Civics Goal 2

3,757 views
3,317 views

Published on

The three branches of government, checks and balances, and separation of powers. Also includes how a bill becomes a law.

1 Comment
1 Like
Statistics
Notes
  • 'After being in relationship with Wilson for seven years,he broke up with me, I did everything possible to bring him back but all was in vain, I wanted him back so much because of the love I have for him, I begged him with everything, I made promises but he refused. I explained my problem to someone online and she suggested that I should contact a spell caster that could help me cast a spell to bring him back but I am the type that don't believed in spell, I had no choice than to try it, I meant a spell caster called Dr Zuma zuk and I email him, and he told me there was no problem that everything will be okay before three days, that my ex will return to me before three days, he cast the spell and surprisingly in the second day, it was around 4pm. My ex called me, I was so surprised, I answered the call and all he said was that he was so sorry for everything that happened, that he wanted me to return to him, that he loves me so much. I was so happy and went to him, that was how we started living together happily again. Since then, I have made promise that anybody I know that have a relationship problem, I would be of help to such person by referring him or her to the only real and powerful spell caster who helped me with my own problem and who is different from all the fake ones out there. Anybody could need the help of the spell caster, his email: spiritualherbalisthealing@gmail.com or call him +2349055637784 you can email him if you need his assistance in your relationship or anything. CONTACT HIM NOW FOR SOLUTION TO ALL YOUR PROBLEMS'
       Reply 
    Are you sure you want to  Yes  No
    Your message goes here
No Downloads
Views
Total views
3,757
On SlideShare
0
From Embeds
0
Number of Embeds
126
Actions
Shares
0
Downloads
68
Comments
1
Likes
1
Embeds 0
No embeds

No notes for slide

Civics Goal 2

  1. 1. Civics Goal 2<br />
  2. 2. Principles of the Constitution<br />a.k.a. The things that our government is based on today<br />
  3. 3. The Constitution<br />DISCUSS: Where have we seen “separation of powers” before?<br />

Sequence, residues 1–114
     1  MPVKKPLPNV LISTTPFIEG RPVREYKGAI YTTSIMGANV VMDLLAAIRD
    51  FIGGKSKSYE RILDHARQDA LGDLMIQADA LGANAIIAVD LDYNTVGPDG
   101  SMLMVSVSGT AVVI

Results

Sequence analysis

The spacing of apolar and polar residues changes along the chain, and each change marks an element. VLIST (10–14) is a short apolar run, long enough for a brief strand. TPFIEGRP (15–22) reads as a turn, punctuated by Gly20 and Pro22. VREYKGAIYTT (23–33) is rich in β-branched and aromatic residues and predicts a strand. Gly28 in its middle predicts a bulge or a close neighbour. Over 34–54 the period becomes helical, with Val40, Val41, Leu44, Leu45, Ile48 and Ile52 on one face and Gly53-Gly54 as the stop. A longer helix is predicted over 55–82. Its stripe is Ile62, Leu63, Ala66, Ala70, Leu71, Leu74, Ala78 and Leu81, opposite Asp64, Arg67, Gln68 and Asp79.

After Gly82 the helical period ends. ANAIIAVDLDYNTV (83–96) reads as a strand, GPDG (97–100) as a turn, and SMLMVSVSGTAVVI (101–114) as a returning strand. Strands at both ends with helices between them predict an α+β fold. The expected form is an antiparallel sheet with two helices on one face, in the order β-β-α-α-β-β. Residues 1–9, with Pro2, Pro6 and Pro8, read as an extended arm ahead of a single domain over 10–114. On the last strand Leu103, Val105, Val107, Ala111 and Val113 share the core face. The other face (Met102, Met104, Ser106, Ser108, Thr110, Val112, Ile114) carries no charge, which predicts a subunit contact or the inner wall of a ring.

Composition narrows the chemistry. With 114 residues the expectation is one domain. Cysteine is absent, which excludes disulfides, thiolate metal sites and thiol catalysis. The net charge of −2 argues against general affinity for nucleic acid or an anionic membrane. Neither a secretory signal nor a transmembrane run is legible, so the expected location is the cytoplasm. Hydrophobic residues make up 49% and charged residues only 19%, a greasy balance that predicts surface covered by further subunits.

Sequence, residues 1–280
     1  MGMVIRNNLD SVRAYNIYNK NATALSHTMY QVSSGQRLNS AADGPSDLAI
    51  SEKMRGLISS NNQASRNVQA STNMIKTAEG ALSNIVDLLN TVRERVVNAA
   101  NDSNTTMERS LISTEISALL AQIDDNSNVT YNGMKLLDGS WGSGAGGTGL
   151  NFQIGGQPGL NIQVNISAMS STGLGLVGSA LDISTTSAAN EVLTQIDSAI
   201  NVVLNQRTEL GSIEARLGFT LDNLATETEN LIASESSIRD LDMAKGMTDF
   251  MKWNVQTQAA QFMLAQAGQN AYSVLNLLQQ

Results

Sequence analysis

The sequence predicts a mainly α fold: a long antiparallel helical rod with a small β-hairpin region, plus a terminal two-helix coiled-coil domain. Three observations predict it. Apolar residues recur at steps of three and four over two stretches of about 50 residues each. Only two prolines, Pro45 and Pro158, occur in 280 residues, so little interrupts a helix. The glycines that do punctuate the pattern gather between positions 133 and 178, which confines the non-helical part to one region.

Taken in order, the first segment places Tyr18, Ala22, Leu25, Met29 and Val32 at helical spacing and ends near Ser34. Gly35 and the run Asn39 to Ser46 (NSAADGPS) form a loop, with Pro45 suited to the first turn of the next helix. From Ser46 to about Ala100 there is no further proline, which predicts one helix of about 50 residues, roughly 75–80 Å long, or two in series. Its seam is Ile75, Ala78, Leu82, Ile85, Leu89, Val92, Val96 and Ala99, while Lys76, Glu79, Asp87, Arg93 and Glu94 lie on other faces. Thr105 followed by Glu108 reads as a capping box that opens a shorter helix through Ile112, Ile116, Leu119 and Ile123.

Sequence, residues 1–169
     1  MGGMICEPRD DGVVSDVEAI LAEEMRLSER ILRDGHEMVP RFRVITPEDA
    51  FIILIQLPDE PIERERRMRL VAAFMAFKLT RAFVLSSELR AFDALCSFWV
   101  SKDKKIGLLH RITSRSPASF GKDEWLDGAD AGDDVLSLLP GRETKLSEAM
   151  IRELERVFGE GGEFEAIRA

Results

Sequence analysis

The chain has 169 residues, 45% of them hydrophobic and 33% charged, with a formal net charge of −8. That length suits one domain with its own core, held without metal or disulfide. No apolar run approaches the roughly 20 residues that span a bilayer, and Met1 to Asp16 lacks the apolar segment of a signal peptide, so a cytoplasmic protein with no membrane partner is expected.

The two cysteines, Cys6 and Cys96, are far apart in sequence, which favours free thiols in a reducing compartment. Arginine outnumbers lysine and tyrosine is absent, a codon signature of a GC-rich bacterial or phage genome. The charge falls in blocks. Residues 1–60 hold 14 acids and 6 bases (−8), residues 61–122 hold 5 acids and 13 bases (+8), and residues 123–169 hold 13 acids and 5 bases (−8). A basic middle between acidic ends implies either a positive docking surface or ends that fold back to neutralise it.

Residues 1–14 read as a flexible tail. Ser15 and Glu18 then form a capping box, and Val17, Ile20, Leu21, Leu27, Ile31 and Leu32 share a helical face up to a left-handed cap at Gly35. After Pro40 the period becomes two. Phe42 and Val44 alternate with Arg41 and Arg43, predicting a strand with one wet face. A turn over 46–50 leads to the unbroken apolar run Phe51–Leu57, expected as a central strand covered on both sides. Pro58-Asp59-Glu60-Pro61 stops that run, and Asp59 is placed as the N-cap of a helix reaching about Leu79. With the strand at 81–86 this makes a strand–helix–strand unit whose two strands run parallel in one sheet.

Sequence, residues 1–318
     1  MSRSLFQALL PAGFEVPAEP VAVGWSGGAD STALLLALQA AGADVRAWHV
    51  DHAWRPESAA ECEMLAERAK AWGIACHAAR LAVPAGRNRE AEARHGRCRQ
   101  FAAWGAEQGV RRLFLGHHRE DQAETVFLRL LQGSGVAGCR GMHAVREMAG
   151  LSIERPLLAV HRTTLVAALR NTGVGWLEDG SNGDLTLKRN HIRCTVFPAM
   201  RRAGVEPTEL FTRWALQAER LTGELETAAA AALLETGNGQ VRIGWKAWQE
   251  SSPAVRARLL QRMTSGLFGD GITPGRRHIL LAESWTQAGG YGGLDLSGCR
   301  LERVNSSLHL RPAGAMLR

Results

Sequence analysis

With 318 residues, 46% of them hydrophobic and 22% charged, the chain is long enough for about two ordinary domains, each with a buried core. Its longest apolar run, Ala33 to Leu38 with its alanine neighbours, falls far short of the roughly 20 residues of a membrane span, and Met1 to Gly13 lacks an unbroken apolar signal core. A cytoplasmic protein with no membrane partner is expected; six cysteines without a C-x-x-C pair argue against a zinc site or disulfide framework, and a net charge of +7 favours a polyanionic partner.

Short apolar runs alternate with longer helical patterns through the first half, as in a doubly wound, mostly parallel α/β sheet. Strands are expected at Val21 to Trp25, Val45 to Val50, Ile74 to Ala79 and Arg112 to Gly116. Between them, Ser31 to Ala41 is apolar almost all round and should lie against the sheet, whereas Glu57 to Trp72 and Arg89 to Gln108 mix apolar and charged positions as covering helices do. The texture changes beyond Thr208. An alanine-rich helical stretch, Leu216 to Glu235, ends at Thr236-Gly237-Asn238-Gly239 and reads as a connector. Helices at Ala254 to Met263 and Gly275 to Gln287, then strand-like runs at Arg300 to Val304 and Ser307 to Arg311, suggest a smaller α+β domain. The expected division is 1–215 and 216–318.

4. 4. Popular Sovereignty<br />Explanation: The people are the source of government’s power (“We the people…”).<br />Example:<br />Voting<br />Recall elections<br />Propositions & Referendums<br />
  5. 5. Limited Government<br />Explanation: The government’s power is restricted by Constitution and Bill of Rights.<br />Example:<br />Police must have a warrant<br />Punishments must match crimes<br />Congress can not pass a law telling you what to eat for lunch<br />CONSTITUTION<br />
  6. 6. DISCUSS: Defend this sentence-Although England has a King, their government is based on the idea of Limited Government.Hint: Magna Carta<br />
  7. 7. Checks and Balances<br />Explanation: When one branch of government restricts another from doing something wrong for the country.<br />Example:<br />Congress wants to raise taxes, but President must agree.<br />President hides information from the public, but Supreme Court force him to give it up.<br />
  8. 8. Separation of Powers<br />Explanation: Dividing the powers of government between 3 branches so no one has too much power.<br />Example:<br />President wants to make flag burning illegal, but it is not his job to make the laws<br />
  9. 9. DISCUSS: Do you think “Checks and Balances” can exist within a government that does NOT have Separation of Powers?<br />
  10. 10. Federalism<br />Explanation: Dividing powers of gov’t between a national (federal) gov’t and smaller state governments. <br />Example:<br />You will pay taxes to two governments<br />School in N.C. is different from school in S.C.<br />
  11. 11. DISCUSS: Which of the 5 Principles might be the most important to people who vote?<br /><ul><li>Popular Sovereignty
  12. 12. Limited Government
  13. 13. Separation of Powers
  14. 14. Checks and Balances
  15. 15. Federalism</li></li></ul><li>Judicial Review<br />The power of the Supreme court to review laws.<br />This principle was established by the Supreme Court case Marbury vs. Madison (1803)<br />
  16. 16. Preamble<br />A) Where is the Preamble located? <br /> -At the beginning of the Constitution (Introduction paragraph)<br />B) What is the purpose of the Preamble?<br /> -It identifies the 6 purposes or things the government will try to do under the Constitution.<br />
  17. 17. Where is the “Establishment Clause” located and what does it state?<br />Located in the 1st Amendment (freedom of religion)<br />It states that &quot;Congress shall make no law respecting an establishment of religion&quot;<br />